Tuesday, March 29, 2005

It pays to vote

When I got Canon's proxy for the 2004 annual meeting, I read that the company wants to add an item to their by-laws:

The objects of the Company shall be to engage in the following business: ... (8) Manufacture and sale of pharmaceutical products

Today I found out that Canon is hoping to sell DNA chips which can be used to diagnose patients. From the press reports, it sounds like Canon will be able to use bubble jet technology to print the chips, which could cost far less then current methods. If successful, these products could help doctors arrive at more accurate diagnoses and researchers understand the genetic code.

While this is exciting news for investors, there's really no way to know how much future earnings this might generate. Most likely this will never account for more than a few percent of sales and may never become profitable. But it's fun to imagine Canon becoming a bioinformatics company at least in part. Certainly it suggests that Canon's R&D department is functioning well.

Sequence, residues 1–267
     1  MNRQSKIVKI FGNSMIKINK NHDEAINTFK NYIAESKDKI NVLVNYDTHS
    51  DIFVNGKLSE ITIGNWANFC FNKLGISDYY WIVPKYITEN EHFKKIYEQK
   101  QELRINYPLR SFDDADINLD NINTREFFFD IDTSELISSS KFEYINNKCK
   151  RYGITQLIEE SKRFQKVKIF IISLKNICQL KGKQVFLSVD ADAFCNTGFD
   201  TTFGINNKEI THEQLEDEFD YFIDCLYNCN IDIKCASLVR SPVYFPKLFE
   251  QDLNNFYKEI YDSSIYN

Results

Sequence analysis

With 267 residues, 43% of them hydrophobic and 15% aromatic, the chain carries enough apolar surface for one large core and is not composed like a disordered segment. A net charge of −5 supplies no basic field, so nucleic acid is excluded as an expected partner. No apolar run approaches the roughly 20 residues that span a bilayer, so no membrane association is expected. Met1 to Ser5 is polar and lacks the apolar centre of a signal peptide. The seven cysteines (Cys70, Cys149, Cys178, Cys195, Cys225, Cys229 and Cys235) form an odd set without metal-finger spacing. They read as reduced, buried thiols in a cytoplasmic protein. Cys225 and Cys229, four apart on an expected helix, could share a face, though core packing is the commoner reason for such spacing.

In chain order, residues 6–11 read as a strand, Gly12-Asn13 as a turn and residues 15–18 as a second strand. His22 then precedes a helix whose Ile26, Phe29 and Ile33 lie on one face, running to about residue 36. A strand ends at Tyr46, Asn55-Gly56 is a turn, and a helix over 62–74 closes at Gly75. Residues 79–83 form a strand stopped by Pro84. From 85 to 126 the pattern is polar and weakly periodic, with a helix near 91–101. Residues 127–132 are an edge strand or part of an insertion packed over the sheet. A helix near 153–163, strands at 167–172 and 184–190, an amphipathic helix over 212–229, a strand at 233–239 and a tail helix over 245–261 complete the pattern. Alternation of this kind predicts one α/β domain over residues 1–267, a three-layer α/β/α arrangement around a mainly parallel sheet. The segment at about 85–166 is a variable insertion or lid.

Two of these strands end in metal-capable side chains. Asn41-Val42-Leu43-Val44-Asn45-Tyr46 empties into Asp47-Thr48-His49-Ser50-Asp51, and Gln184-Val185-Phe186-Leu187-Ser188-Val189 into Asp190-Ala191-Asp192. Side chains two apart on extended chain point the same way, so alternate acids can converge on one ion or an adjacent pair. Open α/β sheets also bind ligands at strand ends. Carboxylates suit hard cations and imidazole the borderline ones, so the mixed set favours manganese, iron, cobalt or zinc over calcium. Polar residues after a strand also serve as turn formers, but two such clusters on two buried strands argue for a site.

Actually this news is potentially negative as well. Copy machines, printers and digital cameras are increasingly competitive and low-margin products, in which Canon has remained one step ahead of everyone else. But as airline investors know, being number one isn't always rewarding. So Canon is compelled to find new products (such as flat-panel screens and portable printers), which is a riskier strategy than the cost-cutting that marked the last ten years.

For the next five years, the company is beginning phase three of its "Excellent Global Corporation Plan". Now, it will focus on "Healthy Expansion". Investors can dream that the phrase is quite literal.

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